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Old Testament Overview - Hosea (A Look at the Heart of God)

Introduction (1:1) (Hosea's ministry took place during the reigns of four kings of Judah—Uzziah, Jotham, Ahaz, and the famous Jehosophat.  It took place primarily during the reign of Jehosophat.  He was also a prophet during the reigns of Israel's King Jeroboam II and the reigns of the kings who ruled during the period when Assyria brought an end to Israel. See II Kings 17-18  The kings that followed Jeroboam II in Israel had short reigns.  Hosea's ministry was primarily to the northern kingdom of Israel.  He can be seen as the "weeping prophet" to the northern kingdom as Jeremiah was the "weeping prophet" to the southern kingdom.)  (Hosea was a prophet to the northern kingdom of Israel at the same time as Amos was a prophet to the northern kingdom and Isaiah and Micah were prophets to the southern kingdom of Judah. Compare Hosea 1:1 to Amos 1:1; Isa. 1:1; and Micah 1:1)

The theme summarized (1:2-2:1)  (Israel is spiritually adulterous, but God continues to love her.)  (1) Israel's adultery is symbolized by Hosea's marriage to Gomer. (1:2-3a)  (God commands Hosea to take a wife who will one day be an adulteress; just as He had taken Israel as a wife when He knew that she would also one day be an adulteress. See Deut. 5:28-29(2) Israel's sin and God's judgment symbolized by Hosea and Gomer's children. (1:3b-8)  (Their son Jezreel 1:3b-5)  ("Jezreel" is a significant name in Israel, for King Ahab and Jezebel had arranged for the murder of Naboth the Jezreelite. See I Kings 21:1-16  Elijah then predicted that Ahab and Jezebel would die where they killed Naboth. See I Kings 21:17-24 These predictions were fulfilled when Jehu murdered Ahab's family and Jezebel at "Jezreel." See I kings 22:37-38 and II Kings 9:25-27)  (God predicts here that Jehu's family of whom Jeroboam II was a member was about to be judged for their murders of Ahab's family.  Jehu's family was guilty of murder, even though the murders fulfilled God's judgment on Ahab.)  (Though Israel was prospering at the time of this prophecy, shortly after this time, the last in the family of Jehu, Jeroboam II's son Zechariah was murdered. See II Kings 15:8-12 And in fewer than fifty years, Assyria defeated the northern kingdom and sent them into exile. See II Kings 17:1-6)  ("Jezreel" is also another name for Armageddon, the valley where a great battle of judgment will take place in the future. See Rev. 16:16)  (Their daughter, "Lo-Ruhamah" 1:6-7)  (Her name meant "not loved"—a prediction of the coming judgment on Israel, the northern kingdom.)  (God would, nevertheless, rescue Judah, the southern kingdom. See II Kings 18-19)  (Their son, "Lo-Ammi" 1:8-9)  (His name meant "not my people."  His name is a prediction of how God would turn Israel over to the Assyrians. See II Kings 17:1-6(3) God's grace toward Israel (1:10-2:1)  (God, nevertheless, will bless Israel—increase their number, transform them into God's children, reunite them, and give them one leader.)  (At this great "day of Jezreel," they will once again be loved and be God's people.)  (The leaders in this "day of Jezreel" undoubtedly is the Messiah Jesus Christ. See Hos. 3:5; Jer. 23:1-6; Ezek. 34:23)

The expanded theme I (2:2-3:5)  (1) Israel's (Gomer's sin) and the judgment of God—divorce (2:2-12)  (Israel and Gomer go after other lovers until God and Hosea divorce themselves from them.)  (Both Israel and Gomer did not appreciate what they received from God and Hosea; so these blessings were removed from them.)  (God deprives us of His provisions for us at times to cause us to recognize where our provisions come from. See Deut. 8:2-3(2) God's (Hosea's) grace (2:14-3:5)  (God's future grace toward Israel 2:14-23)  (Here, God promises Israel a future kingdom where He will be her husband and where she will no longer call Baal her Master. 2:16-17)  (A kingdom where there will be peace between animals and men, 2:18; and where they will enjoy prosperity and be God's people, 2:21-23)  (The "Valley of Achor" of 2:15 was a valley when Achan disobeyed God and took some of the treasure from the conquered Jericho. See Josh. 7:24-26; Isa. 65:10)  (God instructs Hosea to be gracious to Gomer. 3:1-3)  (Gomer's path of idolatry led her downward until she became a slave.  She had become so needy that Hosea was able to buy her for a very small amount—fifteen pieces of silver was half the price for a common slave. See Exod. 21:32) For more about the "sacred raisin cakes" in 3:1, see Jer. 7:18, 44:18-19)  (Now, Hosea invites Gomer to return to him, if she will be faithful.)  (God predicts that Israel will return to Him as Gomer returned to Hosea—after a period of being without a king or a form of worship. 3:4-5)  (Here, Hosea predicted a time in the future when Israel will seek God and be ruled by His king. See also Jer. 23:1-6; Ezek. 34:23)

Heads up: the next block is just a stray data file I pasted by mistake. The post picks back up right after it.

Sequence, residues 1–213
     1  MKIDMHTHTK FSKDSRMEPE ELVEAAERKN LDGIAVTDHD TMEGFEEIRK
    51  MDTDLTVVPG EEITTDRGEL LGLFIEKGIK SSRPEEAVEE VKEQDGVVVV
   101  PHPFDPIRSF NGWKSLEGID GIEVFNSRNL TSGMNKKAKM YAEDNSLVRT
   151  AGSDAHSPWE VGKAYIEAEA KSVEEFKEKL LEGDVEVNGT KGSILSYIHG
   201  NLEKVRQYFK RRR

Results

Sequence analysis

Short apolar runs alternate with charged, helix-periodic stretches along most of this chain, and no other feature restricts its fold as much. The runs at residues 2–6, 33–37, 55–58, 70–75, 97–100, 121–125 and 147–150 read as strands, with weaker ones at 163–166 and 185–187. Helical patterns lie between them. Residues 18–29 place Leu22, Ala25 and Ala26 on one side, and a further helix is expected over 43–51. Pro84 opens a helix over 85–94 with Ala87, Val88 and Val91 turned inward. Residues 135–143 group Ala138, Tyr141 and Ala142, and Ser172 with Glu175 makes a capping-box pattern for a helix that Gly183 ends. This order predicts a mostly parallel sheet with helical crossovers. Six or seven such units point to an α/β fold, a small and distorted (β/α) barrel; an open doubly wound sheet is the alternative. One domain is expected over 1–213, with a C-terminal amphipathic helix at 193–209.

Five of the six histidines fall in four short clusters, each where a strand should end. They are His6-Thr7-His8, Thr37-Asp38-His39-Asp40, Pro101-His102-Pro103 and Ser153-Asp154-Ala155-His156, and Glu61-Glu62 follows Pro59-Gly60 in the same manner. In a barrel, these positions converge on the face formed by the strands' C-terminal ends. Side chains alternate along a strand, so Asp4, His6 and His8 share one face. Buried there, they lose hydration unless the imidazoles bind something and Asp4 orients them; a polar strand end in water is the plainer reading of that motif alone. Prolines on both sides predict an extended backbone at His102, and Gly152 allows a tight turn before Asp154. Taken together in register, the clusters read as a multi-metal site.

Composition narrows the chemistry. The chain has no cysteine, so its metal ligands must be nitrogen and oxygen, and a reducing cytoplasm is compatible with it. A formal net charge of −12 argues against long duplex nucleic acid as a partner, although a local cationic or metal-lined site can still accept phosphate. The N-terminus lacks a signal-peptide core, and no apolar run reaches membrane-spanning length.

The expanded theme II (4-11):  (Hosea now understands how Israel had hurt God, for Gomer had hurt him in the same way.)  (We can also hurt God as Gomer hurt Hosea and as Israel hurt God.  Certainly, this book of Hosea gives us a look at the heart of God.)  (1) The sins of Israel that pained the heart of God. (4)  (They lived as if there were no God. 4:1, 6)  (The priests who were to lead Israel to God, instead, enjoyed Israel's sin—possibly because it caused the sin offerings and their portions of the sin offerings to increase. 4:6b-9)  (And the people of Israel chased after the fleshly practices of idol worship.)  (Notice, Judah was also warned not to go to Gilgal or Beth-Aven where Israel, the northern kingdom, offered their sacrifices to foreign gods. 4:15)  (Beth, or "house of God, is where they offered the sacrifices to idols, but God chose to call it "Beth-Aven," or "house of wickedness."  "Beth-Aven" was a city near Bethel. See I Sam 13:5, 14:23)

(2) God's judgment on Israel (5)  (God will not receive their sacrifices or honor their new moon festivals, 5:1-7; Israel will be laid waste, flooded over, moth-eaten, and overcome by rot. 5:8-12; and Assyria will not be able to help them, for God will tear them up and carry them away like a hungry lion kills and carries away its prey. 6:13-14)  (Notice that Israel's plight is not hopeless, for God will return to them and to us—when they and we confess our guilt and earnestly seek Him. 5:14 See also James 4:4-10)  (What is the "Spirit of prostitution" in 5:3-4? See also 4:12  Does it refer to a demonic spirit, to an evil influence, to a man's spirit, or to a combination of all three?  "Hebrew idioms often speak of inner tendencies in terms of  'spirit.'" (NIV Study Bible note on 4:12)